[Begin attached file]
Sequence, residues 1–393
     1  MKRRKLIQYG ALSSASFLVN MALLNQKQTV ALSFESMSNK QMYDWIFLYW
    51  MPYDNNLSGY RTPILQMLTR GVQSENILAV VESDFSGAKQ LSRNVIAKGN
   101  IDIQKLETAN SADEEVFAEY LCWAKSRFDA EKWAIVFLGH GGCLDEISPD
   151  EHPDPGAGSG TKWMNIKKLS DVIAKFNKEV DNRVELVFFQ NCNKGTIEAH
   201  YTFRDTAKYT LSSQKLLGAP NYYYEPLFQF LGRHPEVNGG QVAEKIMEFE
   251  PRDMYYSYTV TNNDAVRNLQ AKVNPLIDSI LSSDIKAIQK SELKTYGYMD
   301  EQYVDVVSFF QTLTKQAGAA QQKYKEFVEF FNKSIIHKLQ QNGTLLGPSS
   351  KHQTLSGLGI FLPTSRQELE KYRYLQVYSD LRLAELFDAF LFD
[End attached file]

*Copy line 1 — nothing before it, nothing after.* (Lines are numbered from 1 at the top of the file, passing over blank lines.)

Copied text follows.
Sequence, residues 1–393